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DTP Development Environment

Revision as of 21:15, 15 June 2010 by Bpayton.us.ibm.com (Talk | contribs)

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Introduction

The DTP project is designed to work on multiple Eclipse versions. The official DTP build is done using Eclipse 3.4.2 and Java 5, and this is the minimum supported platform version. DTP is tested on the minimum platform version and on the latest platform version (which is currently Eclipse 3.6 and Java 5.) DTP committers must be developing against the minimumm platform version in order to avoid build breakages.

DTP Development Environment

You can develop DTP using Eclipse 3.4.2 or later, but be sure to set your target platform to match the minimum platform. The target platform configuration is located in Window->Preferences...->Plug-in Development->Target Platform and looks like:

TargetplatformGanymede1.JPG

To use this for developing DTP Ganymede, you should have:

  • An Eclipse 3.4.2 (with associated EMF and GEF versions) location
  • An Eclipse 3.6 with associated EMF and GEF versions) location
  • Java 5 (JRE/JDK 1.5) VM installed

You must make sure that the target platform is set correctly. In the configuration dialog shown above, you can Browse... to the necessary folder. For standard DTP development, this should be the folder containing Eclipse 3.4.2. Select the folder, and verify that all the expected plug-ins appear in the dialog list.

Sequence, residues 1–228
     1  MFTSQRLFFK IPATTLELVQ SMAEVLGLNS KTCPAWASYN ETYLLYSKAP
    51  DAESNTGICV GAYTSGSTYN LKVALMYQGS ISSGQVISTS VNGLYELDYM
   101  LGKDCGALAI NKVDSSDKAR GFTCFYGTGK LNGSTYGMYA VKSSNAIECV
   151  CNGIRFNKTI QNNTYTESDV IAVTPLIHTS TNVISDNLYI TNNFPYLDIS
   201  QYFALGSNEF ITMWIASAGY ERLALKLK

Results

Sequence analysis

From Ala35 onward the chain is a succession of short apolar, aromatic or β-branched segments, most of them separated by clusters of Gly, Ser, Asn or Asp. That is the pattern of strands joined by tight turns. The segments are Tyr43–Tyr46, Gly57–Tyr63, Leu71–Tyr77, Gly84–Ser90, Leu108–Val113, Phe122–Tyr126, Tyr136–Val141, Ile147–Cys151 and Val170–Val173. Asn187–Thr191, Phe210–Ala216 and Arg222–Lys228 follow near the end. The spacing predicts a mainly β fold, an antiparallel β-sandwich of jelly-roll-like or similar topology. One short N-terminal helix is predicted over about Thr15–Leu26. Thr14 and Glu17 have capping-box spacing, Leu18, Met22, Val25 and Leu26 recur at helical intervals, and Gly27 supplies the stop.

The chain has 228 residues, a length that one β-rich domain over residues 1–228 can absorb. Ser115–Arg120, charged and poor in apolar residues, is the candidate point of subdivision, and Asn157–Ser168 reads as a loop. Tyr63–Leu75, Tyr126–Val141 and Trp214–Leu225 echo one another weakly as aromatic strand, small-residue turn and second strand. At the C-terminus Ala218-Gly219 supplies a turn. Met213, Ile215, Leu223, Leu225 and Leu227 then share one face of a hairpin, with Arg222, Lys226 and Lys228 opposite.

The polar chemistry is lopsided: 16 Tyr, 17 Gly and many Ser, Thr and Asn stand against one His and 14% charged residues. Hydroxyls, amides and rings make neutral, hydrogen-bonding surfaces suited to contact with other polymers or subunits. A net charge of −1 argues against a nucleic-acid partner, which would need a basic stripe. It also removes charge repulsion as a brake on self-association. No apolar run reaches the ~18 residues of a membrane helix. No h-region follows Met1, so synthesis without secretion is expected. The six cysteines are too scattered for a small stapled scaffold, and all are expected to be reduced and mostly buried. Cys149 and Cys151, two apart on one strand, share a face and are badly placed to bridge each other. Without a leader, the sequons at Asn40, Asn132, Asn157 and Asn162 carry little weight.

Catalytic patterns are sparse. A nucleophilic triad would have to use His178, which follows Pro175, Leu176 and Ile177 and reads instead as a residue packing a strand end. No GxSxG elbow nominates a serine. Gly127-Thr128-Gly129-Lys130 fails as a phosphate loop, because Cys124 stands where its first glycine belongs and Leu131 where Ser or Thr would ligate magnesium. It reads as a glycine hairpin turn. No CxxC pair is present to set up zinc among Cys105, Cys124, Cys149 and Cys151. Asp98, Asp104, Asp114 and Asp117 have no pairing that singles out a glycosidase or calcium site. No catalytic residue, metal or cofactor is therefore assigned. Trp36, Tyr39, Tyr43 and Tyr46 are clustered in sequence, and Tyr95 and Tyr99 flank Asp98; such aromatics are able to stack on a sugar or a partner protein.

Next, you need to make sure that the correct VM version is being used. Check the second tab on the Target Platform dialog:

TargetplatformGanymede2.JPG

If the correct VM version does not appear, selected it from the drop-down list. If the required version does not appear in the drop-down list, then you should add the install location using the Window->Preferences...->Java->Installed JREs page. Once the configuration is set correctly, click "OK" to accept any changes. Regardless of the version of Eclipse that you are running, plug-ins developed within it will be built as described above. The advantage that the target platform mechanism gives over, for example, restricting yourself to developing only in the required environment is that you can easily switch target platforms to build/test against different Eclipse/VM combinations.

Also, you'll want to be sure that the default compiler level is set to a 1.5 VM:

Java compiler setting.JPG